The spray dried particulate detergent usually contains based on weight of total composition about to 60% (preferably 35% to 50%) phosphate, about 5% to 40% (preferably 10% to 20%) detergent and about 2% to 32% (preferably 7% to 15%) water. This detergent composition may be provided by any satisfactory method including those disclosed in U.S. Pat. Nos. 2,987,155, 2,961,410 and 3,189,551 which are incorporated herein by reference. For instance, in a pre-treatment method the phosphate and acid phosphate may be dry mixed and combined subsequently with the other ingredients to form a slurry. This slurry may be crutched at elevated temperatures. After thickening, the slurry may be spray dried, for example at an air inlet temperature from 400 F. to 435 F. and an air outlet temperature from 230 F. to 240 F., to form the desired particulate product. The terminology spray dried particulate product is defined in this invention to encompass free flowing particulate products obtained by any other heat drying process besides spray drying, e.g., drying on a heated roll.

The broad and preferred ranges of essential and optional ingredients for both tablet and spray dried detergent compositions are indicated in Table A.

TABLE A Tablet (percent Spray dried (percent) Ingredient Broad Preferred Broad Preferred Phosphate 40-70 10-60 35-50 Acid phosphate 0. 16-3. 5 0. 04-3. 0 0. 14-2. 5 Non-soap detergent 2 10-12 5-40 10-20 Sodium silicate 3 0-70 0-30 0-23 0-8 Na carboxymethyicellulose 2 0-1 0-0. 4 0-1 0-0. 4 Soap 4 0-10 0-2 0-5 0-0. 5 Fluorescent brightener 3 0-0. 7 0-0. 2 0-1. 0 0-0. 35 Fatty acid amide 0-5 0-3 0-5 0-3 N a toluencsulfonate 2 0-10 0-3 0-10 0-2 0-10 0-3 4-10 2-32 7-15 Balance to 100% tallow.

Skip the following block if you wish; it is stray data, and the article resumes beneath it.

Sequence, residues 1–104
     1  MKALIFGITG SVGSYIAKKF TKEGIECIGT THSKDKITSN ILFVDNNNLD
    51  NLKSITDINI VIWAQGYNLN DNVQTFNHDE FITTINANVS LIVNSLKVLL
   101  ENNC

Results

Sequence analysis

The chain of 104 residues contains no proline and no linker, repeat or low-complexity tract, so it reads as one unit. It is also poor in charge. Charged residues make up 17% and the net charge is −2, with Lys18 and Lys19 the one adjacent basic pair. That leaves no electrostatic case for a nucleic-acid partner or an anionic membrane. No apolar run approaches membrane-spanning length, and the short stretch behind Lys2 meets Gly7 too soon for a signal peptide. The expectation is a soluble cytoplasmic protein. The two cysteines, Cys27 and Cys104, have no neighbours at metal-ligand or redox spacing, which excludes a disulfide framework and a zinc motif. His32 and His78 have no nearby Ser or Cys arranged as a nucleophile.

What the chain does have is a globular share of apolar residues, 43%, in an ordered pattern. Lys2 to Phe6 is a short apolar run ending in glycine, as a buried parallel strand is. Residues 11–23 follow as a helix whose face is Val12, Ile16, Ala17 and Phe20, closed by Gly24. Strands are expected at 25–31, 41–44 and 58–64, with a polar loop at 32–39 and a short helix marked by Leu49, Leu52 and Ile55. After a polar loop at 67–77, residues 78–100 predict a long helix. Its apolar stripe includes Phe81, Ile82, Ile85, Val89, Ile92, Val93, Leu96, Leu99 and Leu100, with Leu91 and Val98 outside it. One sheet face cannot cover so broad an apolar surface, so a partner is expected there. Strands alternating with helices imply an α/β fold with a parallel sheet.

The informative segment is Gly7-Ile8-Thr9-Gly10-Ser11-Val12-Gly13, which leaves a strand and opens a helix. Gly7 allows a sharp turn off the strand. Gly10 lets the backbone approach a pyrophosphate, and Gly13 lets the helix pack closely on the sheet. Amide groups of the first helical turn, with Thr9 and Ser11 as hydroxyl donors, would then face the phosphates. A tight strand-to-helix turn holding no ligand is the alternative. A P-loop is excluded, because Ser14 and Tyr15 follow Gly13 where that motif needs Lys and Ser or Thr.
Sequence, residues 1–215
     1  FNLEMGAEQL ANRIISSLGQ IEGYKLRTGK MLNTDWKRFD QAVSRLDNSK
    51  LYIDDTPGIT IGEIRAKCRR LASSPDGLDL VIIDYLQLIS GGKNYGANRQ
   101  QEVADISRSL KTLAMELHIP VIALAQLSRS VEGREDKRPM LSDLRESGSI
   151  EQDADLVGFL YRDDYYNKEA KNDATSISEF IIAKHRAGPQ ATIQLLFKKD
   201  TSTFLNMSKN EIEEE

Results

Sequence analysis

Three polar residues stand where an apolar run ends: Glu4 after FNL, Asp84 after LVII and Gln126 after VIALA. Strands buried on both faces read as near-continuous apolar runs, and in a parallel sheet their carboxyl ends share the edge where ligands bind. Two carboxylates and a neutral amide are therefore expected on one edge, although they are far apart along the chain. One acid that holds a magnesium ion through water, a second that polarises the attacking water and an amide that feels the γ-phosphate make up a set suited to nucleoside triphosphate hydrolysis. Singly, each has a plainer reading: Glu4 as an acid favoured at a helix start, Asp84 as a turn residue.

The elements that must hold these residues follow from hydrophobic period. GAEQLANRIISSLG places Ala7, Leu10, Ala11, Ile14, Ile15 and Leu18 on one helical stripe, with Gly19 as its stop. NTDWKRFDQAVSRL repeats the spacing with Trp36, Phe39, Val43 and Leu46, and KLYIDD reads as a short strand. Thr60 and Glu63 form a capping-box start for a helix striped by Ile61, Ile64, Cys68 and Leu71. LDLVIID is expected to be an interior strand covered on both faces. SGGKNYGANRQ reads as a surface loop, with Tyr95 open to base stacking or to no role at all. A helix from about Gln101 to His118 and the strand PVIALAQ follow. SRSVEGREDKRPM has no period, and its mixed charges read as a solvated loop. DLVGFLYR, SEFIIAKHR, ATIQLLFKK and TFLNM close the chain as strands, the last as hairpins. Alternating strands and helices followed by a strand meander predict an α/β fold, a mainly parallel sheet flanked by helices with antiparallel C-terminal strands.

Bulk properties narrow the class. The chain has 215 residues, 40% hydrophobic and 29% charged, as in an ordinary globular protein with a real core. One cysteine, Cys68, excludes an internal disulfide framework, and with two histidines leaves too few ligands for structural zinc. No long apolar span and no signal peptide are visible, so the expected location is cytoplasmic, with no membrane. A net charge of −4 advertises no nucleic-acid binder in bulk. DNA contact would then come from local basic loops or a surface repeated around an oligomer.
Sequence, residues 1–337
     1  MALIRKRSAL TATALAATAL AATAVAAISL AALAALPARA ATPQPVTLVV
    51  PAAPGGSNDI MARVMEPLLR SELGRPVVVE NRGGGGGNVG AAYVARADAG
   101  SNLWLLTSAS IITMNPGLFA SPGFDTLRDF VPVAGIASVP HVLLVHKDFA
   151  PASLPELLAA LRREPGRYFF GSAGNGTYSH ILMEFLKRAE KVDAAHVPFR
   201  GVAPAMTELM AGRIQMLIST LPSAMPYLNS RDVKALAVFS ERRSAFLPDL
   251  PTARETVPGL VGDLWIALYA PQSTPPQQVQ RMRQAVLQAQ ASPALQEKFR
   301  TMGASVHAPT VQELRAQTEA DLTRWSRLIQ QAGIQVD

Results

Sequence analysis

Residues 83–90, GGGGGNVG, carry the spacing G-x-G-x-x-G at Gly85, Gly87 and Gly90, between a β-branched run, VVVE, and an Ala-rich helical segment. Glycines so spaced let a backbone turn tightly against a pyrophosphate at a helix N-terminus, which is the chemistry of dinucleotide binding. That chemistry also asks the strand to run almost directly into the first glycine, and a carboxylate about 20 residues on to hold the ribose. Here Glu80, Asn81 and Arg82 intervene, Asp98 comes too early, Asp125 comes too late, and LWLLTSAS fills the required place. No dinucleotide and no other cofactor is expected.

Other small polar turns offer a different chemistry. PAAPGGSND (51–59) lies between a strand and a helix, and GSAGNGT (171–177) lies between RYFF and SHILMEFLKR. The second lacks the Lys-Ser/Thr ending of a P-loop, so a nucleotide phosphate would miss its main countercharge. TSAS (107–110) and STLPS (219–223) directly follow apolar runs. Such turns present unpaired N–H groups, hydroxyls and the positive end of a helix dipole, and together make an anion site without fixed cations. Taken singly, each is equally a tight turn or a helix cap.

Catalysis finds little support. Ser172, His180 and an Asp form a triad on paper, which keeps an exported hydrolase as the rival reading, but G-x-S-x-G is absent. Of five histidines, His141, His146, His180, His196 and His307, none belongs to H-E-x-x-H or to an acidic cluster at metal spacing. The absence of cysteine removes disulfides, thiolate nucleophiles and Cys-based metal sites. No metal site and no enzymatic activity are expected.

nlkanamide of 0 1-013 carbon chain: may be N-snbstituted by ethanol or isopropanol.

Thus, in accordance with this invention, a phosphate has been treated with certain acid phosphates to promote hydration and the formation of needle-like crystals therein. This treated phosphate is capable of being used without aging in detergent compositions, such as tablets and spray dried particulate products. 'One advantage in the preparation of tablets containing the treated phosphates is that the aqueous components can be added rapidly without lumping. Two advantages in the preparation of spraydried products containing the treated phosphates are that the crutched slurry does not objectionably thicken during the short time required to hydrate the phosphate and that the uncertainties due to variations in adsorbed water content of the phosphate are eliminated.

The following examples are submitted to illustrate but not to limit this invention. Unless otherwise indicated, all parts and percentages in the specification and claims are based upon weight.

EXAMPLE I Detergent tablets were prepared from the following formulation:

Ingredients: Pounds TPP 53.900

NagHgpaoq CMC 0.290 Fluorescent dye 1.080 Alkane 60 paste 35.000 N-silicate 13.200 Perfume 0.113 LIPA 3.000

Water Pentasodium tripolyphosphate, Type I.

Sodium carboxymethylcellulose.

Contains 15 pounds of detergent active consisting of about equal parts of C12 and C15 sodium alkylzenzenesulfonates with small amounts of other chain lengths and the balance of 20 pounds is mostly water with miscellaneous inert matter, mostly Na2SO4.

37.6% solidszsiozz Na.,0 ratio is 3.22.

8 Laurie isopropanolamide.

1 Grams.

g Contained in other listed ingredients and was 23.1% based on total weight of formulation.